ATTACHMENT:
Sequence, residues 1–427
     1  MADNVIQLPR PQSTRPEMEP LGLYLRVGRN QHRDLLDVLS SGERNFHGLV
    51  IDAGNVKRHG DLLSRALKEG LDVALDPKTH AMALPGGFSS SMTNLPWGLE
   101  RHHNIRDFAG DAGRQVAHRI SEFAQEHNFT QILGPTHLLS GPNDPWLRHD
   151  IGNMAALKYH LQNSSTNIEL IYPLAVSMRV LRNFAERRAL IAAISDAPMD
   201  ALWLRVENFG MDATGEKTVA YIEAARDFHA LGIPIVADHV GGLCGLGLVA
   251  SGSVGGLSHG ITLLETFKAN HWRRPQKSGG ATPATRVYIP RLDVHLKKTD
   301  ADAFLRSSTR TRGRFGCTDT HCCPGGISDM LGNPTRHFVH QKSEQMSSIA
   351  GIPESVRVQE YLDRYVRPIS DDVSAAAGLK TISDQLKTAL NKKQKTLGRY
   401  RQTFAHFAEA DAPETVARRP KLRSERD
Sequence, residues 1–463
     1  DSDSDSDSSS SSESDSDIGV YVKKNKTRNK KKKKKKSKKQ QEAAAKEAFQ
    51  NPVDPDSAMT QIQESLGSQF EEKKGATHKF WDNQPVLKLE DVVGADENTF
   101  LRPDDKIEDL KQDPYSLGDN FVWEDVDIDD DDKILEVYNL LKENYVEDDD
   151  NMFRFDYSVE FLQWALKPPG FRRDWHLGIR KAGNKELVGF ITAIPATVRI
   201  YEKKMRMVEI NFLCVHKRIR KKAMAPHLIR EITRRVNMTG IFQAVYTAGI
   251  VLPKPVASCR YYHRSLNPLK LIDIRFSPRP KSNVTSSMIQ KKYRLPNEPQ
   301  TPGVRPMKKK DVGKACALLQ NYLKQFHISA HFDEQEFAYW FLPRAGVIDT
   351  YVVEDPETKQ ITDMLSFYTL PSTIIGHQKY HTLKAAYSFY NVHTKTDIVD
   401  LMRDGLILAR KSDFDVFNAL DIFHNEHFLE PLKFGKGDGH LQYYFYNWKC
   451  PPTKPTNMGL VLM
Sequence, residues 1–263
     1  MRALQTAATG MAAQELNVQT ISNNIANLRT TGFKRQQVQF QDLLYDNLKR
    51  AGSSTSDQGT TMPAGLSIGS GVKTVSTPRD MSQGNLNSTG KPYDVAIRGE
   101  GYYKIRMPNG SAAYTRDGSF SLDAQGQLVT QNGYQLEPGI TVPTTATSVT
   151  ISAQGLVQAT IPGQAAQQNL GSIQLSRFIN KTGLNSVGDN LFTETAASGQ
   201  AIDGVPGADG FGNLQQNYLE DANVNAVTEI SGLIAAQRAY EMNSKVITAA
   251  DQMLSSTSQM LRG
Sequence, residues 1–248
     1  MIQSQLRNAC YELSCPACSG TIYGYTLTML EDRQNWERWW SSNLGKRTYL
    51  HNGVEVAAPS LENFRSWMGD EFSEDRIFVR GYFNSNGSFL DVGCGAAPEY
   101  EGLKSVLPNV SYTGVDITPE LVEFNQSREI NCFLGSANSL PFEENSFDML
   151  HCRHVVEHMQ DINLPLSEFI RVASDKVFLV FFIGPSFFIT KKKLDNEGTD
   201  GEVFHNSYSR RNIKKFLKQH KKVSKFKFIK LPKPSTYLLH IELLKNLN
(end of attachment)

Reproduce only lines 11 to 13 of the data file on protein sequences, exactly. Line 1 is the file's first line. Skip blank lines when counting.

Sequence, residues 1–463
     1  DSDSDSDSSS SSESDSDIGV YVKKNKTRNK KKKKKKSKKQ QEAAAKEAFQ
    51  NPVDPDSAMT QIQESLGSQF EEKKGATHKF WDNQPVLKLE DVVGADENTF